I know this is an obvious term, but I’ll take a look at States. States rather implies that the community of the internet is divided a bit, and it is. There are various categories of websites on the internet, the main categories being technology (693 million google search results), gaming (451 million), religion (‘god’ gives 347 million), general hobbies (‘hobbies’ brings 112 million), social networking (social network gives 359 million), random miscellaneous stuff, and… well, you all know what (begins with ‘p’, and gives 103,000,000 results). Each of these categories, also, are divided into ‘Deep Web’ and the readily available web. For example, for technolgy, it is rather easy to find out that a security flaw has been found in Windows, and that exploit code is somewhere ‘on the internet’. Finding the exploit code, however, is incredibly difficult, and lies within the ‘Deep Web’.

Enough of the explanation, now to go on and explain a little more. The Uniting Meritocratic States of the Internet (I’ll just call it the internet from now on) is more than just a collection of connections and servers. It is much more than that. The Internet is a community. A vast community of people who share beliefs, interests, and talents. But, as I have already explained, the internet is quite different to any other country system. There are a few basic, main things that are very different:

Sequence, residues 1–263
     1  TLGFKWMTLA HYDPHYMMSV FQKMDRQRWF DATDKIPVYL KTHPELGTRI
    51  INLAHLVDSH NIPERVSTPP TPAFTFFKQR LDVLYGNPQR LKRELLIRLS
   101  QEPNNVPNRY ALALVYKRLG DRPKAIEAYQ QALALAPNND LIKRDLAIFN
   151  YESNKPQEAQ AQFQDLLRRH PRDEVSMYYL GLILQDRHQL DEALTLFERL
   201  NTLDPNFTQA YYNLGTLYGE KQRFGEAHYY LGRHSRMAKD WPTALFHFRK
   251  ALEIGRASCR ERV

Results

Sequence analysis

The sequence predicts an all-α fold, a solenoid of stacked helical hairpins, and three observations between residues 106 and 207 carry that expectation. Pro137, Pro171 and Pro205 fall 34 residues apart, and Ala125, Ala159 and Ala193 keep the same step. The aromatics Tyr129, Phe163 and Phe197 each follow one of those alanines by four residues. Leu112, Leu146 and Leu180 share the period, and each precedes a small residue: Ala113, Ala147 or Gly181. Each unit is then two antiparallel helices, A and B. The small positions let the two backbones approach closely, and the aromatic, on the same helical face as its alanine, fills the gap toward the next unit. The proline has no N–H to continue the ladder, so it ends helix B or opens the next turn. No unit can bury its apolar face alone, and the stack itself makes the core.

1. Absolute equality.

On the internet, much more than in real life, people believe strongly in equality of race, religion and personal beliefs. If someone is black or white, it makes no difference. If someone is Christian or Muslim or Jewish, it makes no difference. As I have explained, the Internet is a place where people are judged by skill and reputation. None of the trivial things like race or religion make a difference to how skilful or talented someone can be. And so it doesn’t.